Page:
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Animation and 3D textures at Autodesk University

Animation and 3D textures at Autodesk University


Jeff Yoders | December 15, 2010
This is a parametric 3D substance texture from Allegorithmic.

In Las Vegas, a group of the most demanding clients in the world spend billions setting the latest trends in hospitality and resort design.  Delivering cutting edge designs for clients such as Sheldon Adelson, Steve Wynn, MGM/Mirage and Harrah’s Inc. is the just-off-the-strip architecture firm Steelman Partners.

Founded in 1987 by principal/lead designer Paul Steelman, the firm has evolved into a multi-disciplinary entertainment architecture, interior, graphic design, planning, and theater design shop whose recent credits include the Sands Macau hotel and casino, the Ho Tram Strip in Vietnam and Harrah’s Rincon in Valley Center, Calif.  Steelman’s inhouse 3D animation arm Inviro Studio uses Autodesk  3Ds Max as its primary rendering tool to deliver realistic animations and renderings to its clients around the word in a matter of days rather than weeks to win projects. The expansion of The Venetian Hotel and Casino, a project that’s typical of a regular Steelman hospitality project’s scale, included 1,700 separate 3D animation stills to show how the finished project wouold operate.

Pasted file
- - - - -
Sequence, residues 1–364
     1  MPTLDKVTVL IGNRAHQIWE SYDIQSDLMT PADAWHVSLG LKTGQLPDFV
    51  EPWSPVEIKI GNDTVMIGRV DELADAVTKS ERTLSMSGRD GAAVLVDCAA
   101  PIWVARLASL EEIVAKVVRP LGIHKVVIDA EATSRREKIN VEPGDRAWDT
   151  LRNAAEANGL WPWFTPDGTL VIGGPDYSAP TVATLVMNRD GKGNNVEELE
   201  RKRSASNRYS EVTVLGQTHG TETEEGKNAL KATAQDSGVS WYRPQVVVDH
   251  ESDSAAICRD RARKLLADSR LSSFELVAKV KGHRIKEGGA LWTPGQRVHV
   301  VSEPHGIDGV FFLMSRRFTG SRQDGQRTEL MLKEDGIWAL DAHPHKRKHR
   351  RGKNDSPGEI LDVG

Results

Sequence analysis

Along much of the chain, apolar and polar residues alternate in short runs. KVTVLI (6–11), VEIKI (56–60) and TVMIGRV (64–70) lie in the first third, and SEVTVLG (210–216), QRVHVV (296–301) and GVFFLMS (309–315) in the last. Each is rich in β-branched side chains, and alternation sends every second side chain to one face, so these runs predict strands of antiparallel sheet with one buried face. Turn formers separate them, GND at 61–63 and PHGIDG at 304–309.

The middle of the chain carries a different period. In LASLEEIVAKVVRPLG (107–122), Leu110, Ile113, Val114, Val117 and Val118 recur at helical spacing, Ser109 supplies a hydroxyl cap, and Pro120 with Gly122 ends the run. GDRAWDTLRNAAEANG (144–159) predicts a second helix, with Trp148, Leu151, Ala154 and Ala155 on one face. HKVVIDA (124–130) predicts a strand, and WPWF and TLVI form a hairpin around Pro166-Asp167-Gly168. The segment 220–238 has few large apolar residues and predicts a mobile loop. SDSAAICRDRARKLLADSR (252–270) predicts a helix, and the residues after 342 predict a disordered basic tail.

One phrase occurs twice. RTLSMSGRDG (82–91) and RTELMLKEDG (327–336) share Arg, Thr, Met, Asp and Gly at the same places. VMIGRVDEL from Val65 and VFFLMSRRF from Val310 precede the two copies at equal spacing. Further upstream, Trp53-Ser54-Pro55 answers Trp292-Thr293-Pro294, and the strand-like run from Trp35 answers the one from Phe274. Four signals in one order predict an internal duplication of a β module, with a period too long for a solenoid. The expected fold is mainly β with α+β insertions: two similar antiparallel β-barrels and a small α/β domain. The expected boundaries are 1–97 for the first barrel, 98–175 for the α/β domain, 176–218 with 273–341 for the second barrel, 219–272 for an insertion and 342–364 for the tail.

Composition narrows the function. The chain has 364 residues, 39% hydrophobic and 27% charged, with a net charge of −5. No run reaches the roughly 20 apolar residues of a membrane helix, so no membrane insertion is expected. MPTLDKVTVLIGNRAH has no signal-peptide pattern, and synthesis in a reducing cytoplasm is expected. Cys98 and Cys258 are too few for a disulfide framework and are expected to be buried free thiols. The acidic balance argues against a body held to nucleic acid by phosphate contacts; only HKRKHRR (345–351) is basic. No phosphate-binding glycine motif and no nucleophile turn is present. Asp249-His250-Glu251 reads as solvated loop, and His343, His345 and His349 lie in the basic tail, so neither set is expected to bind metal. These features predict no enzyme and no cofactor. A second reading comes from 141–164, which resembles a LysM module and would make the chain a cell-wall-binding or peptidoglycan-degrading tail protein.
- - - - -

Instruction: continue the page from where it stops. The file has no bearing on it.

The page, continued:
3Ds Max 2011 includes 75 built-in smart substance textures from Allegorithmic, a gaming design company based in Clermont-Ferrand, France. Why should you, an architect or engineer, care about gaming textures, you ask? Because Allegorithmic’s smart textures contain parametric information that can be manipulated in 3Ds Max to both mimic existing conditions for renovation projects and to show with with great detail finished walls, floors, landscapes and other interior elements in your 3Ds Max renderings, all without increasing model size thanks to Allegorithmic’s decompression technology.

For example, if you choose to use the pre-loaded brick wall in 3Ds Max you can manipulate its parameters to change the color of the brick, the mortar, the number of bricks in the wall, the number of cracks (if you’re working on expanding an existing structure) in the wall, the pattern of the bricks and other built-in parameters.

The line between game design and architecture design gets smaller and smaller with technologies such as gaming engines and textures being used by more and more architects for visualization. Allegorithmic recently released an online marketplace of substance texture for 3D artists.


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